Euthanasia and assisted dying
What is assisted dying?
Assisted dying is when a person with a terminal illness (and who meets the eligibility criteria) requests medication to relieve their suffering and end their life. The medication will be given to them by their doctor or nurse, or the person could take the medication themselves. Assisted dying is often referred to as “euthanasia”.
Assisted dying is not a replacement for hospice care or other health care services.
Who is eligible for assisted dying?
To request assisted dying you need to:
- be 18 years or over, and
- be a New Zealand citizen or permanent resident, and
- have an illness that’s likely to end your life within six months, and
- be in “an advanced state of irreversible decline in physical capability” which means your health has gotten worse over a period a time, and
- have unbearable suffering that can’t be relieved in a way you find tolerable, and
- be able to make an informed decision about assisted dying, which means:
- you can understand and remember relevant information,
- you can use that information to help you make a decision, and
- you can communicate that decision to others.
You can’t choose assisted dying in advance and no one can choose assisted dying for you. This includes anyone who holds your enduring power of attorney. Your doctor is responsible for making sure that you meet these criteria.
How do I request assisted dying?
If you want information about assisted dying or want to request it, you have to ask your doctor. Your doctor should never bring it up without you asking them to. You could say “I would like to talk about my options around assisted dying” or “I would like to request assisted dying under the End of Life Choice Act”.
Can my doctor refuse?
Yes. Your doctor can refuse your request if they disagree for ethical reasons (called a “conscientious objection”). If they do refuse, they need to put you in touch with the Support and Consultation for End of Life in New Zealand (SCENZ) group.
This group has a list of doctors who are willing to carry out assisted dying.
What happens after I have requested assisted dying?
Your doctor must talk to you about their opinion of the likely course of your illness (their “prognosis”). They will discuss the process of assisted dying with you and make sure that you understand your other options for end-of-life care.
Your doctor should also encourage you to discuss your wish with others such as whānau, friends, and counsellors.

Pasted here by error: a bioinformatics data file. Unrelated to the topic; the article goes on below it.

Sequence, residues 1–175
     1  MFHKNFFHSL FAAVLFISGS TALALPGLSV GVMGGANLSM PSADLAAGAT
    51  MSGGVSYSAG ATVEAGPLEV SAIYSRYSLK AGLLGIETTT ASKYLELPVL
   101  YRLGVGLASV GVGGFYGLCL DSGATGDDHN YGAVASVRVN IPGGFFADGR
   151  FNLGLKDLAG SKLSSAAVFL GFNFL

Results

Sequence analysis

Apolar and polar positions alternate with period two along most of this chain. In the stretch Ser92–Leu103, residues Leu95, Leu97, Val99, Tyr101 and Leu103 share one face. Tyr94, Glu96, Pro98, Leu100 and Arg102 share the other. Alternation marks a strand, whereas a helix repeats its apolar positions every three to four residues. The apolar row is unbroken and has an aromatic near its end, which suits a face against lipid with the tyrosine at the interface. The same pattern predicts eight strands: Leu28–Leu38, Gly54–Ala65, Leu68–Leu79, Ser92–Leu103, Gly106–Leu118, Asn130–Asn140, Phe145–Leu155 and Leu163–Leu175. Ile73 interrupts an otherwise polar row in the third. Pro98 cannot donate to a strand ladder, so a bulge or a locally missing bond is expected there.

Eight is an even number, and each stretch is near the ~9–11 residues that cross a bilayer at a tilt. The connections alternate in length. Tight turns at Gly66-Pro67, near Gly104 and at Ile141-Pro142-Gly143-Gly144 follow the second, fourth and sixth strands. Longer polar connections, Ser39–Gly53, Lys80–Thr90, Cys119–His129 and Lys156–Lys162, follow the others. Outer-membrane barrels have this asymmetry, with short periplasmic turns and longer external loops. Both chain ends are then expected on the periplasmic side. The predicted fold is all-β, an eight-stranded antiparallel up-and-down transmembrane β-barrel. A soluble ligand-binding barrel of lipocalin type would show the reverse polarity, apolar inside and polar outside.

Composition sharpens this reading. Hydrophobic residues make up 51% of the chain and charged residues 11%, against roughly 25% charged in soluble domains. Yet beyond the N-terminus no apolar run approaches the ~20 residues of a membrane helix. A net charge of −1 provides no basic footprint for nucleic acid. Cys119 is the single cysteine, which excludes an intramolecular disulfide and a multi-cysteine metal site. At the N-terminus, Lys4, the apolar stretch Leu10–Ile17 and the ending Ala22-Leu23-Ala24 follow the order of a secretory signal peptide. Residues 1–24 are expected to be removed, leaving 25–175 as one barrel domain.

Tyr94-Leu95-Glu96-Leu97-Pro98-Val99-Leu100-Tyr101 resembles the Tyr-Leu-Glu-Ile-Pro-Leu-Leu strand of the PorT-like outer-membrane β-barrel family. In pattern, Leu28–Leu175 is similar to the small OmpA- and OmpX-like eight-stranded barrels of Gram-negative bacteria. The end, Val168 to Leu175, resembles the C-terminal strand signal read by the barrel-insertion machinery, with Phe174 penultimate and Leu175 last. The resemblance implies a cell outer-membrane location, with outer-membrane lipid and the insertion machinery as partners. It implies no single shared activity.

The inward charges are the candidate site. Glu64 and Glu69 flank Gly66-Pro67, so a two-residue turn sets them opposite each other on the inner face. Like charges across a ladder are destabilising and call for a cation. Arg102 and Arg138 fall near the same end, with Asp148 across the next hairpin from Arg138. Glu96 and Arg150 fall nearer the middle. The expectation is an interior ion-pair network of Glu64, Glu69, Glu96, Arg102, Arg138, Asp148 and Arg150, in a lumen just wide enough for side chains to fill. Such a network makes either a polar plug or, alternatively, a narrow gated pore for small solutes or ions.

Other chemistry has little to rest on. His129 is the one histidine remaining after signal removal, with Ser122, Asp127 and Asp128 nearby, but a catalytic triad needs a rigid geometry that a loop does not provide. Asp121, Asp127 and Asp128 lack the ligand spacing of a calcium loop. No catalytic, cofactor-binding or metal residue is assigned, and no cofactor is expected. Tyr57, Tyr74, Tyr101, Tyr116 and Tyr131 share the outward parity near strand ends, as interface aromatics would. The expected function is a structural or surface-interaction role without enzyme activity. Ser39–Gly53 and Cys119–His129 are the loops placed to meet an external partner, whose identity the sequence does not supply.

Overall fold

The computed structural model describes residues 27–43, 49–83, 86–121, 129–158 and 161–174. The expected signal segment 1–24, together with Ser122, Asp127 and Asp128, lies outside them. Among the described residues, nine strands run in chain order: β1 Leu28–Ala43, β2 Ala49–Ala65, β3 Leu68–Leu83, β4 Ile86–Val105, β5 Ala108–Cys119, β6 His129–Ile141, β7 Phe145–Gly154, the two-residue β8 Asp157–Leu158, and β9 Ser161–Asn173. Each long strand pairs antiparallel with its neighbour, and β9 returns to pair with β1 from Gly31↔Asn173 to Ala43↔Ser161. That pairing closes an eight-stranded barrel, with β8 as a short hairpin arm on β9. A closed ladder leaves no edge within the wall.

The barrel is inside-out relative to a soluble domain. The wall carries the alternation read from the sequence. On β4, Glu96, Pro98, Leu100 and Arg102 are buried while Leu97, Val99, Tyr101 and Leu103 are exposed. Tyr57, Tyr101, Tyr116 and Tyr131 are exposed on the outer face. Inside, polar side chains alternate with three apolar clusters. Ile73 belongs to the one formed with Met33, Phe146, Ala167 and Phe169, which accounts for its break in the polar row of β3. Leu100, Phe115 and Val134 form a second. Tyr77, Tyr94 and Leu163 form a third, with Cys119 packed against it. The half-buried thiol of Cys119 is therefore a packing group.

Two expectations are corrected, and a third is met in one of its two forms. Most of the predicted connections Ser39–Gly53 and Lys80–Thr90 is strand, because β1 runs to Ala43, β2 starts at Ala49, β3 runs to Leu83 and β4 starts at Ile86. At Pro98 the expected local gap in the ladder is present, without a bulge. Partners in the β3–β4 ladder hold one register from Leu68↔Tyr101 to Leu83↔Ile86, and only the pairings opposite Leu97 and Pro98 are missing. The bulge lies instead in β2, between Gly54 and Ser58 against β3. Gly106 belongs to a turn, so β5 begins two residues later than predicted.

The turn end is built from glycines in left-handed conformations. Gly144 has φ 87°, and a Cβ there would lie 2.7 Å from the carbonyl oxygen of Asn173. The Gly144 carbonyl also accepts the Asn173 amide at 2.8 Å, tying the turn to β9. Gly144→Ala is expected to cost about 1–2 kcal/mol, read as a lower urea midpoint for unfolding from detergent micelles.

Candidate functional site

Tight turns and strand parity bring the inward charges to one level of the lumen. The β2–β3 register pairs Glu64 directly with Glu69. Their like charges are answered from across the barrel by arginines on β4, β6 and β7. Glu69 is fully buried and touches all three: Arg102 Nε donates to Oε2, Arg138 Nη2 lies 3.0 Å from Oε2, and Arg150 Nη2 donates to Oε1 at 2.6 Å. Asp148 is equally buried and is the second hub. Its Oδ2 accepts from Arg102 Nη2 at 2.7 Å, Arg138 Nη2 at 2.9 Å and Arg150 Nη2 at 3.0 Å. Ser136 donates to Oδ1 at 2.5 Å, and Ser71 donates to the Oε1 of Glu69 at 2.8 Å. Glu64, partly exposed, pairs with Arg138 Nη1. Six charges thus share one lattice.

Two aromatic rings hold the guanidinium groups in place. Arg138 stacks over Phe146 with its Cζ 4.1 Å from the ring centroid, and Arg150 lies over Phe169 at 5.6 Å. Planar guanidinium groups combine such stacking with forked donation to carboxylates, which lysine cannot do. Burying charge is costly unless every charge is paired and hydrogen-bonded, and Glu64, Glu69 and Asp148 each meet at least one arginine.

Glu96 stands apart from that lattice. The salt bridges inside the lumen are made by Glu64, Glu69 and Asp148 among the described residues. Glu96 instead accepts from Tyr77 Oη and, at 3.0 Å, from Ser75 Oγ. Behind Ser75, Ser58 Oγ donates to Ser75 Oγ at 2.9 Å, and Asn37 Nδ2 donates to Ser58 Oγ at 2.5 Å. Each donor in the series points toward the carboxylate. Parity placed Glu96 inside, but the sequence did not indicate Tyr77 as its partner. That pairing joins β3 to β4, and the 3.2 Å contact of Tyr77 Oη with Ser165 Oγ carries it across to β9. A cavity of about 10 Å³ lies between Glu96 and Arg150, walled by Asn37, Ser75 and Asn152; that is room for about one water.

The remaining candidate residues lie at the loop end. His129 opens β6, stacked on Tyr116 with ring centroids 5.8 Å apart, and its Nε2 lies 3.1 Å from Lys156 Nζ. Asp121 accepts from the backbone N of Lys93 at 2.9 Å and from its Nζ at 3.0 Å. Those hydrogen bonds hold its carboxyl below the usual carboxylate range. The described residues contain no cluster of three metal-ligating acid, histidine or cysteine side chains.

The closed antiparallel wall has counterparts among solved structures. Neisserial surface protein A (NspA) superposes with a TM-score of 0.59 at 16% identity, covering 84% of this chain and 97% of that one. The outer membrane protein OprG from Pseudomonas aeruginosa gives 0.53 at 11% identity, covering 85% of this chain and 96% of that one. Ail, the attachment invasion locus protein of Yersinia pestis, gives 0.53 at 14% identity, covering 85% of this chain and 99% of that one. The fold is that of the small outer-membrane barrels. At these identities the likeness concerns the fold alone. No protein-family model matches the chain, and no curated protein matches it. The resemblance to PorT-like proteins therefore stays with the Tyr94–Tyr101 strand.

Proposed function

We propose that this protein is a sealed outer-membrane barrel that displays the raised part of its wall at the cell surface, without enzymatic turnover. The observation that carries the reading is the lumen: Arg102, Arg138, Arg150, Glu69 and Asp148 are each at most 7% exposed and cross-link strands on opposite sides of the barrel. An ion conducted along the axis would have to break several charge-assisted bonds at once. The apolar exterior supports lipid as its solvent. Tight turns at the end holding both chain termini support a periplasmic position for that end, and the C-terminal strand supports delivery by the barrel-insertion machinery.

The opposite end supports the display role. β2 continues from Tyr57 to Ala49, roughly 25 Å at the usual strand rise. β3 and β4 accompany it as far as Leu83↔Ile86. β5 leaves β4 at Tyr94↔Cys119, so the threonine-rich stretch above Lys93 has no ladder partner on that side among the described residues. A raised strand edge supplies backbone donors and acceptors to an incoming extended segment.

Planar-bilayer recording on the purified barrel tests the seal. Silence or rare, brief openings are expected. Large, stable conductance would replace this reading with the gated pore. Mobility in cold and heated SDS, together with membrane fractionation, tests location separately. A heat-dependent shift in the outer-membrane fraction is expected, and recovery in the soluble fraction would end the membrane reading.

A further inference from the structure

Your doctor must get a second opinion. The second doctor will check that you’re making an informed decision, read your medical file and examine you. If one or both doctors have concerns about your ability to make an informed decision, a psychiatrist will be brought in to assess you and make the decision on that.
If at any time the health practitioner suspects that you are being pressured about your decision to receive assisted dying, they must immediately stop the process. They should be discussing the risk of pressure with other health practitioners that you regularly see, plus anyone from your family that you’ve approved.
The process of requesting and getting approval will take some time. Throughout, your doctor is required to personally check in with you about your decision to make sure everyone is on the same page. This can be by phone, in writing or in person.
What happens next if I get approved?
If you have been approved, you will need to fill out some forms. The Registrar, appointed by the Director-General of Health, will check that this paperwork has been done.
You will be able to choose the date and time you receive the medication. Before you’re given the medication, you’ll be asked if you still want to go ahead. If not, you can choose to have the medication on another day or not take it at all.
If you choose not to take the medication, your doctor needs to destroy the medication and fill out a form recording your decision and send it to the Registrar.
What if I’m denied assisted dying?
If your doctor and an independent second doctor decide you are not eligible to receive assisted dying, you’ll be notified and told why your application was denied.
If you disagree with the decision (for example, if the doctor says you don’t meet the threshold for “unbearable suffering that can’t be relieved,” but you disagree), you should get in touch with SCENZ for support with reapplying. They may be able to help you gather more information to show you meet the criteria,
Can I change my mind and not go through with assisted dying?
Yes, you can change your mind at any time.